North Yorkshire, Temple

Temple of Piety, Studley Royal, North Yorkshire

The National Trust has applied for Listed Building Consent to place two replica busts in the Temple of Piety at Studley Royal.

Construction of the temple overlooking the Moon Ponds took place in the 1730s, probably under the direction of the stonemason John Doe. The architect is not known although the building is identical to a Palladio drawing of the (long since destroyed) Temple of Piety in Rome. This sketch was once owned by Lord Burlington, a friend of John Aislabie who owned Studley.

Confusingly, the structure at Studley was not originally known as the Temple of Piety but was dedicated to Hercules. Aislabie’s son William renamed the temple in honour of his late father, John Aislabie, in around 1747-8. At that date he commissioned the plasterwork specialist Cortese to add a bas-relief representing filial piety. This work illustrated an ancient moral tale in which a daughter manifested her love for her parent. The story told of a girl who visited her incarcerated father and secretly fed him her own breast milk to ensure his survival. When discovered, she was not punished, but praised for her devotion.

An inventory of 1768 shows that the building was used for refreshments, containing 6 chairs and a tea table but records don’t survive to confirm when the two busts were placed in situ. They are first recorded in 19th century guidebooks as the Roman emperors Titus, son of Vespasian, and Nero.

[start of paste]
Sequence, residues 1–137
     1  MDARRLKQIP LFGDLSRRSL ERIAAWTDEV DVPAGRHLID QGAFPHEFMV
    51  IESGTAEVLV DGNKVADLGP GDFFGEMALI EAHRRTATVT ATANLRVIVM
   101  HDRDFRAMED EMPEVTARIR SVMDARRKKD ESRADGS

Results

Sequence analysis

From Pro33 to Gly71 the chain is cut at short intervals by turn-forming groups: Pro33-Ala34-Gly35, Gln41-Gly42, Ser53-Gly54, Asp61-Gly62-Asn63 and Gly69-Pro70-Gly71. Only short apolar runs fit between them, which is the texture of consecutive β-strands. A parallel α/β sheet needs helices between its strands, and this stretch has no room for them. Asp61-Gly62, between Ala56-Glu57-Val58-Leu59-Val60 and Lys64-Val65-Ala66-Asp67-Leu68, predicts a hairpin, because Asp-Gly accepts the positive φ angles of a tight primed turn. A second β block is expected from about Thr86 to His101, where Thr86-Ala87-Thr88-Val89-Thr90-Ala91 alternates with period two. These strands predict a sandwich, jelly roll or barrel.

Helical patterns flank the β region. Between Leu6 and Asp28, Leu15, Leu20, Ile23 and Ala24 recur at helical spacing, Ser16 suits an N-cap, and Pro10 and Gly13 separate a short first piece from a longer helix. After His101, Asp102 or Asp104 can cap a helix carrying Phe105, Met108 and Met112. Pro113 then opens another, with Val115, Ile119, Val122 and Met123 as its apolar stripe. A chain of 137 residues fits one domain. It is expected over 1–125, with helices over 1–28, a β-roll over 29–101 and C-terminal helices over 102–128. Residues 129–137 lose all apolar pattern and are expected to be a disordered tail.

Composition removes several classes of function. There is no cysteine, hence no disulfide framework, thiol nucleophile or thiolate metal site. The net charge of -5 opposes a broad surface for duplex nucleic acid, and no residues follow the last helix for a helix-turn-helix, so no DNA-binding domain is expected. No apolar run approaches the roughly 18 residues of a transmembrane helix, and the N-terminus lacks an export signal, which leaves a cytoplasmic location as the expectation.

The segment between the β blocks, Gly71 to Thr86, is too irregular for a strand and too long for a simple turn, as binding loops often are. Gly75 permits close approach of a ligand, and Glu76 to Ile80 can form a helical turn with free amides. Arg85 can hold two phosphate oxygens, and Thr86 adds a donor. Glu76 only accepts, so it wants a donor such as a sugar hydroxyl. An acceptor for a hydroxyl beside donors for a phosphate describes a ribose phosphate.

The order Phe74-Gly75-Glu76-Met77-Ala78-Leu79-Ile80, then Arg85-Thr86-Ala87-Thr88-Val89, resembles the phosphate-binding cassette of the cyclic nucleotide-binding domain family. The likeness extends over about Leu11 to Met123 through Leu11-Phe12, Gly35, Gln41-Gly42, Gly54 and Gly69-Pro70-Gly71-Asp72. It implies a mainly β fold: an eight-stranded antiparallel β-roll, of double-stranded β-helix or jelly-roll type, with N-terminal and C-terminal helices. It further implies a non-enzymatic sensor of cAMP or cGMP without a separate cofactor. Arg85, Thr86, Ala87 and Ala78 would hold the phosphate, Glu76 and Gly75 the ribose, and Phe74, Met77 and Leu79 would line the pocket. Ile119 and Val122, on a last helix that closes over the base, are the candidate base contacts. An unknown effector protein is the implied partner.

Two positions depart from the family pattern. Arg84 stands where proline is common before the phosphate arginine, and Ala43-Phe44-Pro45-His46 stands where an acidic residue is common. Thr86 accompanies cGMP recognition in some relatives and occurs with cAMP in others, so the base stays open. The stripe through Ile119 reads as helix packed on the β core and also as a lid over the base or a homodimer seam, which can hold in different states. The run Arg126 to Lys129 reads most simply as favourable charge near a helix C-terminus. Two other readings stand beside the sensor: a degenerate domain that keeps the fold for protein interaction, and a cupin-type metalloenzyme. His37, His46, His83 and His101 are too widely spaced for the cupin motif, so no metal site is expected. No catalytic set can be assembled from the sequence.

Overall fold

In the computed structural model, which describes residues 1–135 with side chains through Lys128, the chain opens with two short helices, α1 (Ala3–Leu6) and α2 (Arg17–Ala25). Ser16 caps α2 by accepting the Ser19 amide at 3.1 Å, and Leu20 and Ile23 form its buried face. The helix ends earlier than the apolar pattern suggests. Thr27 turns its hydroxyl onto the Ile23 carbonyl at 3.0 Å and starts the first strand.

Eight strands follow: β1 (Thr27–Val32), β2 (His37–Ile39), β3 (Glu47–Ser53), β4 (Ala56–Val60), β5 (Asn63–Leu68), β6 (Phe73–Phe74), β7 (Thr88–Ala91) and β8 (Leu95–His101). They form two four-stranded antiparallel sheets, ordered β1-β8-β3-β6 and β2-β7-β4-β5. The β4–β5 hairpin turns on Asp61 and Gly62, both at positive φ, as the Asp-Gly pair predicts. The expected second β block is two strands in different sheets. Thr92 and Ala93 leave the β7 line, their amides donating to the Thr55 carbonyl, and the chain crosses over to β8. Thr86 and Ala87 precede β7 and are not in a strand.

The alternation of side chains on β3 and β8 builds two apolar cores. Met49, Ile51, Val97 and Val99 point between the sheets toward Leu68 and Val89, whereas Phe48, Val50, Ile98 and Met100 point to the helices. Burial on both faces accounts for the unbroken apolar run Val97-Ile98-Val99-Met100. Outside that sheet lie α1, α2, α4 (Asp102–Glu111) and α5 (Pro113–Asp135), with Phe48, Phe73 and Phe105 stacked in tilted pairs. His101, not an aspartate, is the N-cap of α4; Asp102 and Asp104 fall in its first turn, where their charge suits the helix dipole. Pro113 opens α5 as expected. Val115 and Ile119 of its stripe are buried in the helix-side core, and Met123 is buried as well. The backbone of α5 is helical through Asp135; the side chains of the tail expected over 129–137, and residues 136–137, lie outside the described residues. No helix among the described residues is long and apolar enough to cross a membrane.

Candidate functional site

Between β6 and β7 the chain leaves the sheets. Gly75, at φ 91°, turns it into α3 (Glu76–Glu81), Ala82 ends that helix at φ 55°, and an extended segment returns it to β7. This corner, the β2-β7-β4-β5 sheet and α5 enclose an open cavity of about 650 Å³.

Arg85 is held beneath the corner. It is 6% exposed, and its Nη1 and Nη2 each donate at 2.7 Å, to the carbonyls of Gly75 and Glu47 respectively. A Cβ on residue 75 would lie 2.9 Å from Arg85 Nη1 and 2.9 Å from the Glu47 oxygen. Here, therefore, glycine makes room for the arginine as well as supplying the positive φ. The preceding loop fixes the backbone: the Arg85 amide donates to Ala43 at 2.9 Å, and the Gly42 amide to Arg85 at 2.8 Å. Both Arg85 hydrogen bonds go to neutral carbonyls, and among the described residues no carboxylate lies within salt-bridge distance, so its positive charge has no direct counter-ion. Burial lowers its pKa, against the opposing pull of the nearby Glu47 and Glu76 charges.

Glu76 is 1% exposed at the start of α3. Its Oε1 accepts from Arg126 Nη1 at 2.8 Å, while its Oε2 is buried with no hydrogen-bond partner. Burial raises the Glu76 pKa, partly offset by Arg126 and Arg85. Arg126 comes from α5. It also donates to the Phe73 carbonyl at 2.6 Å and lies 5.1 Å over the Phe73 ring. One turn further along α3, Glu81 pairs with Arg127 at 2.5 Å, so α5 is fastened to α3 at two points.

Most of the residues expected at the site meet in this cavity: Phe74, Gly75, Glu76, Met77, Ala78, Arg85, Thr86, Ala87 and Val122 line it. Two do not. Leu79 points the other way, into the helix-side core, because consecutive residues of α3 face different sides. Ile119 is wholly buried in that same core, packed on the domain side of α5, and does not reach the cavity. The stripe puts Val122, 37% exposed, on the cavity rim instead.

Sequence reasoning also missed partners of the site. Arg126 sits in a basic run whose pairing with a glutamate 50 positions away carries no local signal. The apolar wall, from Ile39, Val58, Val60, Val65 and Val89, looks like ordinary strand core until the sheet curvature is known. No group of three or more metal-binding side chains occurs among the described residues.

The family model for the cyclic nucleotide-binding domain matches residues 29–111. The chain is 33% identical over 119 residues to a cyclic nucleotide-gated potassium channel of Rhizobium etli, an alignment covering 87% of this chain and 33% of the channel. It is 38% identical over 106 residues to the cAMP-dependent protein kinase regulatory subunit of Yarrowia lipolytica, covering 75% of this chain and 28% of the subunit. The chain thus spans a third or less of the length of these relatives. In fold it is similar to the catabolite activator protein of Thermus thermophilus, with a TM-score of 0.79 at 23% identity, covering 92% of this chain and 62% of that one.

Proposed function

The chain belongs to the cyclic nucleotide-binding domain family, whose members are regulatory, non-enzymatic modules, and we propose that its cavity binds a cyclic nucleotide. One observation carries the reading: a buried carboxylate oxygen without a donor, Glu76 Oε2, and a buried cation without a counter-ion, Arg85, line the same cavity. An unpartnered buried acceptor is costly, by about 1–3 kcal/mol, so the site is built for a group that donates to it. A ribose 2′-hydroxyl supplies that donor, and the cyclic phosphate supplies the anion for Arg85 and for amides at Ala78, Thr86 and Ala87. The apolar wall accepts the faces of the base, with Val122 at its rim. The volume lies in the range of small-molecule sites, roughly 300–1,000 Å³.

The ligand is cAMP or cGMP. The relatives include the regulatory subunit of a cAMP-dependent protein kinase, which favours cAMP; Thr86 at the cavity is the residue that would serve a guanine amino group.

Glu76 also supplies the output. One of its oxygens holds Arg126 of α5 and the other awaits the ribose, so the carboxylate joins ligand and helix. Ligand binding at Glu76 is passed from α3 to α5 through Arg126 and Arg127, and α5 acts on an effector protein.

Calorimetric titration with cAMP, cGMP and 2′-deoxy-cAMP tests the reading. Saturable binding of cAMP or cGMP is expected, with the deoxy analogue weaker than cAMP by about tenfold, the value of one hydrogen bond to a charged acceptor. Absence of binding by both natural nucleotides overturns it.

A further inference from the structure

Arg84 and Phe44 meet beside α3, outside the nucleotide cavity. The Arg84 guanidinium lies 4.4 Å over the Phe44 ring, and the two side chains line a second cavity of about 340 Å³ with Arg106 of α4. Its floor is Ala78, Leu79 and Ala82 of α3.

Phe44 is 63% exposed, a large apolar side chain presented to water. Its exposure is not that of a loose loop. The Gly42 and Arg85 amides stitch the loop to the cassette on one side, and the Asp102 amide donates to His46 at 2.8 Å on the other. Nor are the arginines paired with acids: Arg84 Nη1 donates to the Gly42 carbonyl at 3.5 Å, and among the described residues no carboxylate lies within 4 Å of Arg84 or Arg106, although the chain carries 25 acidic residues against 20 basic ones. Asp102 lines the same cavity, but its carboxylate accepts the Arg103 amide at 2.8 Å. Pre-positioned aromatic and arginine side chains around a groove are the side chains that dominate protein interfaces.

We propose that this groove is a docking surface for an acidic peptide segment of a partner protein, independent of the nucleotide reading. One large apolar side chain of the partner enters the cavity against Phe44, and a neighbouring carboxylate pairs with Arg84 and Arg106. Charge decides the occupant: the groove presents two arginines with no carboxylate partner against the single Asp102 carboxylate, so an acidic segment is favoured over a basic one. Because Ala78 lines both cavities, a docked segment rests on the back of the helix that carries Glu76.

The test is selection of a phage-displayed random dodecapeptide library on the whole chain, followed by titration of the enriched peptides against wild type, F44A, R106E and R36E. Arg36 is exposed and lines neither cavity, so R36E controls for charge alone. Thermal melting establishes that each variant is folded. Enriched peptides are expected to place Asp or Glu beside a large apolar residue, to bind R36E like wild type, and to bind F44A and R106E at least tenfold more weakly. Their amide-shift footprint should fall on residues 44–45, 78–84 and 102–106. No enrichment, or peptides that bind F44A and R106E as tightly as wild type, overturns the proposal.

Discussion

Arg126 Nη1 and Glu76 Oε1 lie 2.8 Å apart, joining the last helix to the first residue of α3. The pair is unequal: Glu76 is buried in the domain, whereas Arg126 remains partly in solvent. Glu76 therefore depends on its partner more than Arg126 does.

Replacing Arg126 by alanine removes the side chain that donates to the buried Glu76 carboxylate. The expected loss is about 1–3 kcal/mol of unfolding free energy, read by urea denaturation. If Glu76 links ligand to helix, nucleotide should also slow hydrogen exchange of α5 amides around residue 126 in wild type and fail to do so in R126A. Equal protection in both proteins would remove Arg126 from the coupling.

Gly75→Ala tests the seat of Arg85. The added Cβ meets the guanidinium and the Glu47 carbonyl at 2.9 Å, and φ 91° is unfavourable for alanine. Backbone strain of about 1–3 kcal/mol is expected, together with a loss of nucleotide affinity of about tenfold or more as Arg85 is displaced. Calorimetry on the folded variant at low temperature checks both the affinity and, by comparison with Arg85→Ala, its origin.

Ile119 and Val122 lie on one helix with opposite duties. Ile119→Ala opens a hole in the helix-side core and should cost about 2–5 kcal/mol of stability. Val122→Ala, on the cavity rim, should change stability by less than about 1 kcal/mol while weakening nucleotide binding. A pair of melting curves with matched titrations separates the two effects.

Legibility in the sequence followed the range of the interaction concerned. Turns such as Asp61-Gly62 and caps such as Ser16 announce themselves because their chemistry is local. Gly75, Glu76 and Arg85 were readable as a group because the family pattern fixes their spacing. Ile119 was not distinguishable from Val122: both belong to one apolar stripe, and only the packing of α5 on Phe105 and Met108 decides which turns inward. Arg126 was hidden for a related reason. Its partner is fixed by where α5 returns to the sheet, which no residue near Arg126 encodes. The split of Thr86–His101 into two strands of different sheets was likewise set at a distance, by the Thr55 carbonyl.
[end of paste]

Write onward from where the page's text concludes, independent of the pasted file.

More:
Replica bust currently on display in Fountains Hall

If you look hard you will find the original bronze busts on display at Beningbrough Hall in Yorkshire (also National Trust) where they were removed for safekeeping. They look rather forlorn and undignified perched on high ledges on the first floor landing. The resin replicas are on show in a better light in Fountains Hall on the Studley estate until the outcome of the application is known; Harrogate Borough Council’s decision should be announced in September 2018

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3 thoughts on “Temple of Piety, Studley Royal, North Yorkshire”

  1. Gwyn says:

    Caritas Romana.

    1. Editor says:

      Indeed Gwyn, the Roman tale of Cimon and his daughter Pero. I was intrigued however that a late 18th century visitor called the plaque a depiction of ‘the Grecian Daughter’. I discovered that Arthur Murphy wrote a drama of that name which premiered at Drury Lane in 1772. In the play Evander, deposed and incarcerated King of Syracuse, is fed by his daughter Euphrasia. The play was a success and in a later production at Covent Garden Mrs Siddons played the role of the daughter. Engravings and ceramics were produced based on the play. Hence the visitor recognising the plaque as ‘Greek’ rather than “Roman’.

  2. Editor says:

    Update: permission was granted on 31 August 2018

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